Kansas City Police Chief Rick Smith has asked for an additional $9.3 million from the city’s general fund next year and a total budget of $251.9 million.
But that isn’t all he wants. Smith is requesting additional money to hire more 911 dispatchers and patrol officers.
“We are unable to provide the kind of service taxpayers expect,” Smith wrote on his blog. “I believe these additional positions would be a very wise investment.”
Smith’s requests deserve serious scrutiny — and skepticism — from the Board of Police Commissioners and the City Council.
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A good first step: Review a $140,000 efficiency study, released this summer, with explicit recommendations for getting more police officers where they’re needed. To date, that study has largely gathered dust.
The chief’s basic budget request adds a net salary increase of $7.5 million to provide pay raises for current police officers. That’s a 6 percent bump above the current budget. In a city perennially strapped for cash, that appears excessive.
The chief pointedly says the increases are needed to achieve “parity” with other public safety agencies, a code word for equalizing salaries with Kansas City firefighters.
Smith’s proposal also includes “decision packages” for additional spending, including nearly $1.1 million for 21 dispatchers to handle calls more quickly. Yet the study by Matrix Consulting Group, released earlier this year, actually called for adding just eight “call takers” to the 911 center.
The same Matrix study proposed turning over management of the 911 call service to civilian management. “Full civilianization of dispatch is a best practice,” the study says. There is no indication that the department plans to take this advice.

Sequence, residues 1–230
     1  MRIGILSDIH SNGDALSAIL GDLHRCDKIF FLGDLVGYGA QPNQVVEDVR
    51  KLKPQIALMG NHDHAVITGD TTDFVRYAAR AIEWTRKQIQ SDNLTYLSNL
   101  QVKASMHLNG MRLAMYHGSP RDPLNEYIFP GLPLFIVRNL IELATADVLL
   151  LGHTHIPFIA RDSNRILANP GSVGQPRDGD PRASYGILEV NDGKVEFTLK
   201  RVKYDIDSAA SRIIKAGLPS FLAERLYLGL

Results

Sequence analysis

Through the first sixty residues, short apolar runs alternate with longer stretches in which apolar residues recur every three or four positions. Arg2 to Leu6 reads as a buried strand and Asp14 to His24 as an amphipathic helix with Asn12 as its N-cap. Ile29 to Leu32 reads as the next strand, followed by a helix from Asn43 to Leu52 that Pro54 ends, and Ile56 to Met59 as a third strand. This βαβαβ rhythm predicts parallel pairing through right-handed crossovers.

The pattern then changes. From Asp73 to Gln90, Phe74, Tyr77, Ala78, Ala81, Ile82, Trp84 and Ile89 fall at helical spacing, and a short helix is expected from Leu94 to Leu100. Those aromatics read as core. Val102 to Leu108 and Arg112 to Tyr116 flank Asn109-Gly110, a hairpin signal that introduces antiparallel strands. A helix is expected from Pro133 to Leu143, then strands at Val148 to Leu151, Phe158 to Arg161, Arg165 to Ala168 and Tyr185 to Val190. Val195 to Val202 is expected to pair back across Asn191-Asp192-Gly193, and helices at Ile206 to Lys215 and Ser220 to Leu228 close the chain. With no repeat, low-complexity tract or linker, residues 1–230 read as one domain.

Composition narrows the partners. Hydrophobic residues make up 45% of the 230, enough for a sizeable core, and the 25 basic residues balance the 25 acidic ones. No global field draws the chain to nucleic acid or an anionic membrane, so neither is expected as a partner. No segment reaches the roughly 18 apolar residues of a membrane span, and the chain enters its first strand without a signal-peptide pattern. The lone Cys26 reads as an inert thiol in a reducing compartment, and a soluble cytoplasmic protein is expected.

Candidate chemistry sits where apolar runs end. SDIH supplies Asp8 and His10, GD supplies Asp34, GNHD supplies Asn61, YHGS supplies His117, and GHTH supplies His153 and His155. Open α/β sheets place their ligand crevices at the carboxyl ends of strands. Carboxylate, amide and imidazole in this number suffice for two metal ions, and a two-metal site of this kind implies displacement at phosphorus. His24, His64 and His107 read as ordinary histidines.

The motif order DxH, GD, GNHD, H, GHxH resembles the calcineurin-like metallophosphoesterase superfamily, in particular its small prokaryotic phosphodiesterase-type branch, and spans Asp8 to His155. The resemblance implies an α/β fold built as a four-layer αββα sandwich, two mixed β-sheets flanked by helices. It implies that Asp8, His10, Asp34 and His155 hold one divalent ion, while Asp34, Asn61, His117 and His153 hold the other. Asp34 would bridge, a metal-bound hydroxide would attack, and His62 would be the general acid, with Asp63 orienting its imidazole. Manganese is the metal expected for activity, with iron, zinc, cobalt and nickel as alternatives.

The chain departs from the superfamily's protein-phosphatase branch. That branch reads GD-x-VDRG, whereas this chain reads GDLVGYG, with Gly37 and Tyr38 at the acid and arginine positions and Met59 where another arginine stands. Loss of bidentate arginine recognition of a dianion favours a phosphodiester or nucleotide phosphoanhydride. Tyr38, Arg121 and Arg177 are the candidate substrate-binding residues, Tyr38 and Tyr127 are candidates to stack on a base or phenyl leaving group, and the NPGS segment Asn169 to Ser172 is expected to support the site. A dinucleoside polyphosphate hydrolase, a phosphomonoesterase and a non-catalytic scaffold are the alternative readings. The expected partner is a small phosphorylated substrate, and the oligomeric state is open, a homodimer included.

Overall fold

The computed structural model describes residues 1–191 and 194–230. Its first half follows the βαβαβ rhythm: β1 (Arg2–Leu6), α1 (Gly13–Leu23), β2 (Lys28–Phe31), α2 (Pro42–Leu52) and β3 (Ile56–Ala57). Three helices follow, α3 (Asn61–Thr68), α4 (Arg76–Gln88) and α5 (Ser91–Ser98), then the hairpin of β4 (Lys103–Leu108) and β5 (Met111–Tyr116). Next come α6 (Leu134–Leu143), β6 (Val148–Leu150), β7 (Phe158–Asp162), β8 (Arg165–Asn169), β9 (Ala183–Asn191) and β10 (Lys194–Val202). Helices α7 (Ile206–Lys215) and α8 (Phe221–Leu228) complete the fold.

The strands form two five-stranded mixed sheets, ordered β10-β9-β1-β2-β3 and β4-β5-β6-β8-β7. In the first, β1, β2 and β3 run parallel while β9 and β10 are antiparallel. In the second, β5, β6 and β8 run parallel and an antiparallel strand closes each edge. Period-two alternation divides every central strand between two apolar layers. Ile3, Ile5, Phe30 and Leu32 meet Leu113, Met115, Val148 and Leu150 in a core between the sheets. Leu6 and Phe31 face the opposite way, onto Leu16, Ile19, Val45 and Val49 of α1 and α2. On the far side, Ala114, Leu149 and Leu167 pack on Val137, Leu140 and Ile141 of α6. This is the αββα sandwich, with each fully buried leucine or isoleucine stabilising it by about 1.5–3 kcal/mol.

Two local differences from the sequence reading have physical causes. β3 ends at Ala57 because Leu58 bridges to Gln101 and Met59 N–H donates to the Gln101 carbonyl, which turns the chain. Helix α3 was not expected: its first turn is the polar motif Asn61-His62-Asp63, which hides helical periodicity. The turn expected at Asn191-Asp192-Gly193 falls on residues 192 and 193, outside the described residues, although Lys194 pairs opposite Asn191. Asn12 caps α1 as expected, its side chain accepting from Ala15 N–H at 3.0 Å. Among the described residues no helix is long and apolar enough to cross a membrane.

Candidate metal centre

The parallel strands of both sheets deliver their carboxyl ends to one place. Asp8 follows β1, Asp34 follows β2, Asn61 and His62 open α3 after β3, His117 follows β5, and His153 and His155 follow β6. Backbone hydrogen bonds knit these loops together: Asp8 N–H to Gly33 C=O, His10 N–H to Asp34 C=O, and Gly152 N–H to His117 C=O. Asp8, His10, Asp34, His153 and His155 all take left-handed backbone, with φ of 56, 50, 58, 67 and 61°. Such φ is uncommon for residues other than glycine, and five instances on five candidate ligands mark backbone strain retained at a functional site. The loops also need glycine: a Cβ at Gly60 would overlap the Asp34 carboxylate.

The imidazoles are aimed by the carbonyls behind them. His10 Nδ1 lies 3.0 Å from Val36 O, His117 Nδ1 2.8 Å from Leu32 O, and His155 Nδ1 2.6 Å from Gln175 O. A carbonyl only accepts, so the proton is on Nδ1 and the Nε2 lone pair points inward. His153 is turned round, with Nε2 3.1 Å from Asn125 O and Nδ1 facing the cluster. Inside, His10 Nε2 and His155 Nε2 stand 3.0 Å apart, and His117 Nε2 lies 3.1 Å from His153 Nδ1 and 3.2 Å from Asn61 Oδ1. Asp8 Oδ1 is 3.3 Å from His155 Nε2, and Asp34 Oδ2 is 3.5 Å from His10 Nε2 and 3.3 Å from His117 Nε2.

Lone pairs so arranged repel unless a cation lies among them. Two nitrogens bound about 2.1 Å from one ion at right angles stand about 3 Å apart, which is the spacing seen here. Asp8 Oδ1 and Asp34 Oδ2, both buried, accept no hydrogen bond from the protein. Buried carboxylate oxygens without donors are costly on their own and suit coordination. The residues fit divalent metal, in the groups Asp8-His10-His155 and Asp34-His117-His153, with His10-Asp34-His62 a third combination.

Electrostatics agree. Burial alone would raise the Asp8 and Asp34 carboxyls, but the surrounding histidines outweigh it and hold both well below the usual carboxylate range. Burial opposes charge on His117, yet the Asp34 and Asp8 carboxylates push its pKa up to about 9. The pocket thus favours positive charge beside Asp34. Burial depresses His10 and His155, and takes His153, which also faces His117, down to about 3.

The chief also wants to hire 30 additional patrol officers. That would cost $720,000 and would be added to the budget in the middle of the year.
Almost all Kansas Citians see the need for additional police on the streets. We see it, too. The city’s murder rate is unacceptably high, and police response times can be longer than residents want.
Again, through, the Matrix Consulting study suggests an approach that wouldn’t necessarily require additional funds. The department currently employs one patrol sergeant for every 4.6 patrol officers; the optimum, the study says, is a 1-6 ratio.
The consultants say the police department could eliminate 28 sergeant positions, freeing up plenty of existing cash to pay for the 30 additional officers on the street.
In all, the Matrix study suggests cutting 30 sworn-officer positions, while adding 88 civilian jobs, to better protect the public.
That recommendation dovetails nicely with a different report issued this year, which said the city and police department might save millions if they ended duplicative back-office duties.
Yes, recommendations like these may not always reflect real-world challenges. Crime prevention can’t be reduced to boxes on a flow chart.
At the same time, we know the chief’s budget is often a starting point for discussions, not a final recommendation.
The chief owes it to taxpayers to demonstrate he’s done everything possible to spend their money efficiently. Then — and only then — should he ask for more.